<I wrote this in response to my twitter debate. I posted this on one of my other blogs, but wanted to repost it here without reblogging. Gosh, I should be a politician or somethin’. It’s not 110% perfect but I think it’s a good primer for the person.>
“Why the no penis rule?”
It’s really not about the no penis rule. If you think about it, there’ll be lots of penis in the room at a women and trans-only dance party.
All queers are not made equal. We lump LGBTQ+ in the same group, but each person experiences their own amounts of oppression. There’s a lot to say about the “oppression olympics” and “hierarchies of oppression”, but the thing is we take for granted the privelages we experience.
I can cross the boarder literally without suspicion because I am white, and I appear middle class. For a person of colour, or another minority person, they are “suspect” more. It’s invisible to me, I don’t see this because it’s not me.
So why are gay men not allowed to go to oral groove?
If you think about it, oral groove literally happens maybe three times a year. Four is pushing it, but there’s usually an october dance, maybe a spring dance, and a pride dance. Three nights, let’s say the event runs from 11:00pm to 3:00am, that’s about 12 hours a year where women and trans people can dance, and party, and have a fun time together.
So, it’s not really a big window of time. There’s women and women-identified marches in Hamilton, but let’s focus strictly on recreation. 12 hours. It’s not a heck of a lot of time.
Oral groove acts as a safe space for women and trans people. Why do they need to have a safe space? Why are you excluded?
I like oral groove because I can go there-12 hours a year, and I know I am there among queer woman and trans people. I feel literally high because there are so many people in the same place-people I am interested in, people who might like me, people I can make out with without feeling like a party-trick. Or, if I don’t want to shave my armpits, I don’t have to worry about someone calling it sick or gross or weird. It feels safe for me for these reasons, and many others. Other people might have other reasons why they like to go to oral groove.
Women and trans people experience a different, and I would argue more, kinds of oppressions because they are women and trans. You might have been called gay, fag, or faggot because something about your manner or dress was “gay” or “feminine”.
But women and trans folk experience a lot of misogyny. Gay men, and cis-men (men who do not identify as trans in any way, and are happy with their “biological” genders) are often misogynistic to trans folk and women. Or, if not outright, benefit from the way that misogyny works in queer or normative systems.
Do you ever worry about not being hired because you’re not feminine enough? Do you worry about being misgendered, and having people insist on using your “real” name? Do you ever have a hard time being seen as queer, and not a “fag-hag” or a straight girl? Do you have a hard time supporting you and your partner because you both make less money than your male counterparts? Are you branded a “man-hating feminist lesbian”? because you believe in feminism?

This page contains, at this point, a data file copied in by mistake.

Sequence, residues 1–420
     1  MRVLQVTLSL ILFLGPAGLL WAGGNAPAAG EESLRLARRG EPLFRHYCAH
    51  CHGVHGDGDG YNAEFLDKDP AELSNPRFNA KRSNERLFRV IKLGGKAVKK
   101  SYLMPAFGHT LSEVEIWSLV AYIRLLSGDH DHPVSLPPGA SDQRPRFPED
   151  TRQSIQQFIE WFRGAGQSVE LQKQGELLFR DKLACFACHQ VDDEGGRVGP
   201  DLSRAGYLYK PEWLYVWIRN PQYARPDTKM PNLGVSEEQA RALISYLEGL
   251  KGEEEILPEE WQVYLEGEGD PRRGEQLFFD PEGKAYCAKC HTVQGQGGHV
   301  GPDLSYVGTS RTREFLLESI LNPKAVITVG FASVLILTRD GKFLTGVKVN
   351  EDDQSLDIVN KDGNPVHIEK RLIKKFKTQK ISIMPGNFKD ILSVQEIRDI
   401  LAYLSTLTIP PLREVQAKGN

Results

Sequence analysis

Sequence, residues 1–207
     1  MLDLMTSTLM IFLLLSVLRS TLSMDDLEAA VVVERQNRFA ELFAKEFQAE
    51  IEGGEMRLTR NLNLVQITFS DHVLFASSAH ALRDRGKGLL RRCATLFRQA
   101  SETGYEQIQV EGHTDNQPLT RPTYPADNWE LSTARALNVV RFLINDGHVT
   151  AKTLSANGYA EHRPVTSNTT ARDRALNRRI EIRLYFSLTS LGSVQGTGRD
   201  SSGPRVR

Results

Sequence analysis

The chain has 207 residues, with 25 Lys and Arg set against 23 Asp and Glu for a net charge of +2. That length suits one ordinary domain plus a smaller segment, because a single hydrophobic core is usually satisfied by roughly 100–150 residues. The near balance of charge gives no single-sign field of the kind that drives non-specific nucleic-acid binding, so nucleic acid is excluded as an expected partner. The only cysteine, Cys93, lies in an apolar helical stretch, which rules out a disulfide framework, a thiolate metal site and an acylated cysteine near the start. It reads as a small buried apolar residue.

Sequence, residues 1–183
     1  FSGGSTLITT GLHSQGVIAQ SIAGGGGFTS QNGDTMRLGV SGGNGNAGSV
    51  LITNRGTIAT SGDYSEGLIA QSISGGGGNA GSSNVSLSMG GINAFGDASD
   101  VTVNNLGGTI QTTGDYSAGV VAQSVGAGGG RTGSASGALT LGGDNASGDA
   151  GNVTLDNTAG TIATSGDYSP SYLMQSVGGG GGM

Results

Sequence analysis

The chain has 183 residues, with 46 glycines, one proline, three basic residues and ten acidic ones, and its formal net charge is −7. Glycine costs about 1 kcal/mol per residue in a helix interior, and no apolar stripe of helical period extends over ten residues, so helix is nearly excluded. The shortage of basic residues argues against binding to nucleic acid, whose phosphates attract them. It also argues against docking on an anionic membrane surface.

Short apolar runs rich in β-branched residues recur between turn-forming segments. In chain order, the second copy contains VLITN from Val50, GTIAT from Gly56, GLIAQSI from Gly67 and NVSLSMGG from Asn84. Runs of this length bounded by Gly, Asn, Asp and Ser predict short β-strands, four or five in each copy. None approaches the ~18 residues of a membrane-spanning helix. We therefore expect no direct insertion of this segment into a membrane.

Do you constantly have to explain your gender identity and experience to others because they are curious, or just don’t get it? Do people tell you that you’re not a “real” man or a “real” woman because you don’t have this or that trait?
And I am not saying that oral groove Fear the Queers is going to go out and aim to change the world or address these issues. It’s a dance party, with costumes.
It’s a place where I can bond with people who have similar experiences.
It’s not so much that this is a “womyn and queer separatist” thing. I wouldn’t frame it as lesbians, queer women, and trans people as trying to leave the struggles of the LGBTQ+ spectrum. Something that feminism tries to do, and I think queer politics tries to do, is take the position of the most vulnerable persons. I think this is a response to this idea.
If there was a queer person of colour dance-I wouldn’t want to go and intrude upon someone elses space where they feel safe away from white people. Because it’s really something precious. 12 hours a year.
You know, I wouldn’t mind joining the Hamilton Gay Mens Chorus because I like to sing, but I’m not going to. I recognize that it’s important that there’s a gay men’s chorus.
I don’t think this takes away from queer politics, or a queer community. I think it diversifys and strengthens it. It makes it more complex, it looks at the fact that I have different issues and oppressions than you do, but that doesn’t make either of us less valid. I don’t want a monolithic queer movement. I don’t want to just look at marriage, adoption, and being out at work, and ignore all the other hundreds and thousands of complexities that exist in our own city.
I am sure this isn’t everything there is to say on the topic, but if you are really curious you can come to Oral Groove, and talk to someone at the door about these issues. Or, if you want to go to a queer event that’s open to everyone, you’re welcome to attend the following:
Oct 27: Movers & Shakers
The Well Presents: Movers & Shakers – Facing Fear, Fighting Back
Marking LGBTT2SIQQ History Month
Saturday, October 27
Doors Open: 1:00pm
Keynote Speakers: 1:30pm
2012 Pride Awards Ceremony: 3:00pm
Local History Panel: 3:30pm
Performance by Sky Gilbert: 5:00pm
Workers Arts and Heritage Centre, 51 Stuart Street
(Between Bay N. and MacNab N.) – Venue is fully wheelchair accessible.
And, I am sure there are other people there who will be able to answer your questions if you have more about why oral groove exists, and why specific queer spaces exist.